The gauge group that was \naively\ believed to be free may even
be rendered relevant in the infrared via the anomalous dimensions.
This may occur whenever there are fields transforming under both groups, or
when there are relevant superpotential couplings.
Therefore, one must be very careful in trying to draw physical conclusions
from a dual description that is not weakly coupled.
Another obstacle to extracting low-energy physics from this dual is that in
the deconfined theory, we introduced massive degrees of freedom in order to
cancel anomalies.
Once we pass from the deconfined description to the dual description, the
fact that these degrees of freedom are irrelevant in the infrared is no
longer evident.
While keeping these points in mind, we will nonetheless use this dual and
its generalizations below to argue that the operators $M_k$ are free fields
for sufficiently small $F$.
In Appendix A we will also perform some consistency checks on this dual
description.
These help convince us that the dual description is correct, but by
themselves they do not give us dynamical information that we do not already
know from the original description of the theory.
% ----------------------------------------------------------------------------
\section{More Dual Descriptions}
% ----------------------------------------------------------------------------
We can obtain additional dual descriptions by applying the deconfinement
method again, this time to the adjoint of the {\sl SO} group in the first
dual.
To this end, we introduce a confining {\sl Sp} group that forms a composite
meson with the same quantum numbers as the {\sl SO} adjoint $A_1$.
(This is precisely the version of deconfinement discussed in
Ref.~\cite{Pouliot}.)
The field content is given in Table 4, and the superpotential is
\beq
W = M_0 \twi{Q} \twi{Q} + (x_2 x_2) \twi{x}_1 \twi{x}_1 + m_1 \twi{Q}
\twi{x}_1 + m_2 \twi{Q} \twi{p}_2
+ (\twi{x}_1 \twi{p}_2) (\twi{x}_1 \twi{p}_2) p_3 + x_2 r_1 r_2.
\eeq
% TABLE 4
\begin{table}[htbp]
\label{SpSO5Sp}
\centering
\begin{tabular}{|c||c|c|c||c|c|c|}\hline
field &$\Sp{2F + 2}$ &$\SO{2N + 5}$&$\Sp{2N + 2}$& $\SU{2F}$ & $\U{1}$ &
$\U{1}_R$
\\\hline \hline
$\twi{Q}$ & \Yfund&${\bf 1}$&$ {\bf 1}$&$ \overline{\Yfund}$&$
-{{N+1}\over{F}}$&$0 \vbr$ \\ \hline
$M_0$ & $ {\bf 1}$&${\bf 1}$&${\bf 1}$&\Yasymm&$2
{{N+1}\over{F}}$&$2 \vbr$ \\ \hline
$\twi{x}_1$ & \Yfund& \Yfund&$ {\bf 1}$&${\bf 1}$&${{1}\over{2}}$&$ 1
\vbr$ \\ \hline
$x_2$ & $ {\bf 1}$& \Yfund & \Yfund &{\bf 1}&$-\frac{1}{2}$&$0
\vbr$ \\ \hline
$r_1$ & $ {\bf 1}$&$ {\bf 1}$& \Yfund&$ {\bf
1}$&$N+{{5}\over{2}}$&$2 \vbr$ \\ \hline
$r_2$ & $ {\bf 1}$& \Yfund&$ {\bf 1}$&{\bf 1}&$-N-2$&$0
\vbr$ \\ \hline
$m_1$ & $ {\bf 1}$& \Yfund&$ {\bf 1}$& \Yfund&$
{{N+1}\over{F}}-{{1}\over{2}}$&$1 \vbr$ \\ \hline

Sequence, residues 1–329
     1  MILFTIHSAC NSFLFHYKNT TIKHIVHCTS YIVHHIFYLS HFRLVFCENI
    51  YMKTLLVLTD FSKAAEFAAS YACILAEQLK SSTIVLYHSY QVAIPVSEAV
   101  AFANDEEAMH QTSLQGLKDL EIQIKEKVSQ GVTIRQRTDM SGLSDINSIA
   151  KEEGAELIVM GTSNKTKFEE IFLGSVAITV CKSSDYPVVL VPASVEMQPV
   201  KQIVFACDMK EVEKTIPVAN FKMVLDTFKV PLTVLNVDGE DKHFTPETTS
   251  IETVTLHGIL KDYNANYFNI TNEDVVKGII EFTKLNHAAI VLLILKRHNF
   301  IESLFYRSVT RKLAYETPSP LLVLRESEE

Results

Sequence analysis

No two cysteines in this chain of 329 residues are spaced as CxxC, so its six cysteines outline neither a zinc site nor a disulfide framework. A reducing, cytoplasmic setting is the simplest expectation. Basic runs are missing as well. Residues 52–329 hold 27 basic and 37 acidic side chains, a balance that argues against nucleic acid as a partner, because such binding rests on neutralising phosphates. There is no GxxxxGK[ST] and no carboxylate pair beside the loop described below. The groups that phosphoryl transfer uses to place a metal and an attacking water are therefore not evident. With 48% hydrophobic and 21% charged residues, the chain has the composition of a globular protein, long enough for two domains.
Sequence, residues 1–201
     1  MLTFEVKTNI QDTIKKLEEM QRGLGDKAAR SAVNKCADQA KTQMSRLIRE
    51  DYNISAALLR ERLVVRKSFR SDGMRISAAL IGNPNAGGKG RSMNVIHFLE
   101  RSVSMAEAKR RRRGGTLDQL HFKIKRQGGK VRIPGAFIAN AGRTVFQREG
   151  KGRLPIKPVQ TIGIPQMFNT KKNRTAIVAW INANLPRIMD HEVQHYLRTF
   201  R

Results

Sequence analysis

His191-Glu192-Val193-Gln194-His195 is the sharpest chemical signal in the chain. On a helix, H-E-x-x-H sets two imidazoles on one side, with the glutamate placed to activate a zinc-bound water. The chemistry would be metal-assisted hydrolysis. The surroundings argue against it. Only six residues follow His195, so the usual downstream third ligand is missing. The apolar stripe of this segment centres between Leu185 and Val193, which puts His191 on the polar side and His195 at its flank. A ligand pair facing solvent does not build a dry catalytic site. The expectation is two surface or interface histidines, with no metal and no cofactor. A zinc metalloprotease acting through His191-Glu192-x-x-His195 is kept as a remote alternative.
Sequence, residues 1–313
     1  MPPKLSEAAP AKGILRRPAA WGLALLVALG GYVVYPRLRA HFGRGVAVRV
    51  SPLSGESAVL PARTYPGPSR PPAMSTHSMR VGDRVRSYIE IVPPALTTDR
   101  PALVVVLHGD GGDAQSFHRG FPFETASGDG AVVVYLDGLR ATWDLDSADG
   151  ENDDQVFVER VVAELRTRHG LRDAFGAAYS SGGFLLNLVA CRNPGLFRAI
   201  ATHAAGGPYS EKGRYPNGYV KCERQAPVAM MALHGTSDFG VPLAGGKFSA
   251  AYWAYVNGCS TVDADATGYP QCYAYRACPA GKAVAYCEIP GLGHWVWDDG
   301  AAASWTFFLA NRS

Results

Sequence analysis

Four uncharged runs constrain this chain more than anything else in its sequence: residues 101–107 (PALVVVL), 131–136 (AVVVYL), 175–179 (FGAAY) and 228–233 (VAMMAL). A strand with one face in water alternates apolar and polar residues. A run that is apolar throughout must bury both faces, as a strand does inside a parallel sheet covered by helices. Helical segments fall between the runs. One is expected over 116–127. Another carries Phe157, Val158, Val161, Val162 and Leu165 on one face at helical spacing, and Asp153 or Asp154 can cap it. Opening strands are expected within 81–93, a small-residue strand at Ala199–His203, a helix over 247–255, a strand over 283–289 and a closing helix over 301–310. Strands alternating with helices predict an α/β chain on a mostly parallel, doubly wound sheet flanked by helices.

$m_2$ & {\bf 1}&$ {\bf 1}$&$ {\bf 1}$& \Yfund&
${{N+1}\over{F}}+{{1}\over{2}}- N$&$5 \vbr$ \\ \hline
$\twi{p}_2$ & \Yfund&$ {\bf 1}$&$ {\bf 1}$&${\bf 1}$&$-{{1}\over{2}}+N$&$-3
\vbr$ \\ \hline
$p_3$ & $ {\bf 1}$&$ {\bf 1}$&$ {\bf 1}$&${\bf 1}$&$-2N$&$6
\vbr$ \\ \hline
\end{tabular}
\parbox{4in}{\caption{Field content of the second ``deconfined''
description.}}
\end{table}
We can now use the known dual description of {\sl SO} gauge theory
with fundamentals \cite{Seib2,IntSeibSO} to write a dual description of
this theory in terms of a theory with gauge group
$\Sp{2F + 2} \times \SO{4F + 4} \times \Sp{2N + 2}$.
Some of the fields are massive and can be integrated out.
The field content of the resulting theory is given in
Table 5, and the superpotential is
\beq
W & = & M_0 (\dtwi{x}_1 \twi{m}_1) (\dtwi{x}_1 \twi{m}_1)
+ (\dtwi{x}_1 \twi{x}_2) (\dtwi{x}_1 \twi{x}_2)
+ m_2 \twi{p}_2 (\dtwi{x}_1 \twi{m}_1)
+ n_1 \twi{p}_2^2 p_3
\nonumber\\
&& \quad +\, n_1 \dtwi{x}_1 \dtwi{x}_1
+ A_2 \twi{x}_2 \twi{x}_2 + M_1 \twi{m}_1 \twi{m}_1
+ n_3 \twi{r}_2 \twi{r}_2
\nonumber\\
&& \quad +\, n_2 \twi{x}_2 \twi{m}_1 + n_4 \dtwi{x}_1 \twi{r}_2
+ n_5 \twi{m}_1 \twi{r}_2.
\eeq
The gauge-invariant chiral operators of the original theory map into the
second dual description as follows:
\beq
\begin{array}{clcll}
\tr A^{2k} & \to & \tr A_1^{2k} &\to & \tr A_2^{2k},
\quad k = 1, 2, \ldots
\\
Q Q & \to & M_0 & \to & M_0,
\\
Q A Q & \to & m_1 m_1 & \to & M_1,
\\
Q A^k Q & \to & m_1 A_1^{k - 1} m_1 & \to & n_2 A_2^{k - 2} n_2,
\quad k = 2, 3, \ldots\,.
\end{array}
\eeq
% TABLE 5
\begin{table}[htbp]
\label{final}
\centering
\begin{tabular}{|c||c|c|c||c|c|c|}\hline
field &$\Sp{2F + 2}$ &$\SO{4F + 4}$&$\Sp{2N + 2}$& $\SU{2F}$ & $\U{1}$ &
$\U{1}_R$
\\\hline \hline
$M_0$ & $ {\bf 1}$&${\bf 1}$&$ {\bf 1}$&\Yasymm&$2
{{N+1}\over{F}}$&$2 \vbr$ \\ \hline
$\dtwi{x}_1$ & \Yfund&\Yfund&$ {\bf 1}$&$ {\bf 1}$&$-{{1}\over{2}}$&$ 0
\vbr$ \\ \hline
$n_1$ & \Ysymm &${\bf 1}$&$ {\bf 1}$&{\bf 1}&$1$&$2
\vbr$ \\ \hline
$\twi{x}_2$ &$ {\bf 1}$&\Yfund&\Yfund&$ {\bf
1}$&${{1}\over{2}}$&$1 \vbr$ \\ \hline
$A_2$ & $ {\bf 1}$&$ {\bf 1}$& \Ysymm &$ {\bf 1}$&$
-1$&$0 \vbr$ \\ \hline
$\twi{m}_1$ & $ {\bf 1}$&\Yfund&$ {\bf 1}$&$ \overline{\Yfund}$&$
{{1}\over{2}}-{{N+1}\over{F}}$&$0 \vbr$ \\ \hline
$M_1$ & $ {\bf 1}$&${\bf 1}$&$ {\bf 1}$& \Ysymm
&$2{{N+1}\over{F}}-1$&$2 \vbr$ \\ \hline
$n_2$ & {\bf 1}&$ {\bf 1}$&\Yfund&\Yfund&$
{{N+1}\over{F}}-1$&$1 \vbr$ \\ \hline
$n_3$ & $ {\bf 1}$&$ {\bf 1}$&$ {\bf 1}$&$ {\bf 1}$&$-2 N -4$&$0
\vbr$ \\ \hline
$n_4$ & \Yfund&$ {\bf 1}$&$ {\bf 1}$&$ {\bf
1}$&$-N-{{3}\over{2}}$&$1 \vbr$ \\ \hline
$n_5$ & $ {\bf 1}$&$ {\bf 1}$&$ {\bf 1}$&\Yfund&
$ {{N+1}\over{F}}-{{5}\over{2}}-N$&$1 \vbr$\\ \hline